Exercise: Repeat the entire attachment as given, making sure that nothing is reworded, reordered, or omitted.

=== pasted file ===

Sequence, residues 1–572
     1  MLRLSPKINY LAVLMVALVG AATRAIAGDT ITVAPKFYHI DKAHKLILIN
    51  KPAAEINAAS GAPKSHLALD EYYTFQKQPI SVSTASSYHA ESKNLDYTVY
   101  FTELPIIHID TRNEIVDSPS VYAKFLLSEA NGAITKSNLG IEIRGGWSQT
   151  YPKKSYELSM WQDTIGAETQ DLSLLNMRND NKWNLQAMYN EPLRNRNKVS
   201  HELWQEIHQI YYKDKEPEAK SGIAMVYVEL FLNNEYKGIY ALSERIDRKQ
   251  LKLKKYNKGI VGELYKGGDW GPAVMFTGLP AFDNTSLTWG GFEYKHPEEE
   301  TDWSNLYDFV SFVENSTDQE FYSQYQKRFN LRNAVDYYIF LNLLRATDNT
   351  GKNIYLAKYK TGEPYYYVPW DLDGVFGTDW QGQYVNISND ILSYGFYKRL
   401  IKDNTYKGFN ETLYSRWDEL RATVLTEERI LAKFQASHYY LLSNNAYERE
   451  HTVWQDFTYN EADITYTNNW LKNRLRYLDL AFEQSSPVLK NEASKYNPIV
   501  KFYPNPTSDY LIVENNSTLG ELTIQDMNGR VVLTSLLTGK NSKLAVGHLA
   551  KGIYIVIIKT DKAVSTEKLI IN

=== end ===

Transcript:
Sequence, residues 1–572
     1  MLRLSPKINY LAVLMVALVG AATRAIAGDT ITVAPKFYHI DKAHKLILIN
    51  KPAAEINAAS GAPKSHLALD EYYTFQKQPI SVSTASSYHA ESKNLDYTVY
   101  FTELPIIHID TRNEIVDSPS VYAKFLLSEA NGAITKSNLG IEIRGGWSQT
   151  YPKKSYELSM WQDTIGAETQ DLSLLNMRND NKWNLQAMYN EPLRNRNKVS
   201  HELWQEIHQI YYKDKEPEAK SGIAMVYVEL FLNNEYKGIY ALSERIDRKQ
   251  LKLKKYNKGI VGELYKGGDW GPAVMFTGLP AFDNTSLTWG GFEYKHPEEE
   301  TDWSNLYDFV SFVENSTDQE FYSQYQKRFN LRNAVDYYIF LNLLRATDNT
   351  GKNIYLAKYK TGEPYYYVPW DLDGVFGTDW QGQYVNISND ILSYGFYKRL
   401  IKDNTYKGFN ETLYSRWDEL RATVLTEERI LAKFQASHYY LLSNNAYERE
   451  HTVWQDFTYN EADITYTNNW LKNRLRYLDL AFEQSSPVLK NEASKYNPIV
   501  KFYPNPTSDY LIVENNSTLG ELTIQDMNGR VVLTSLLTGK NSKLAVGHLA
   551  KGIYIVIIKT DKAVSTEKLI IN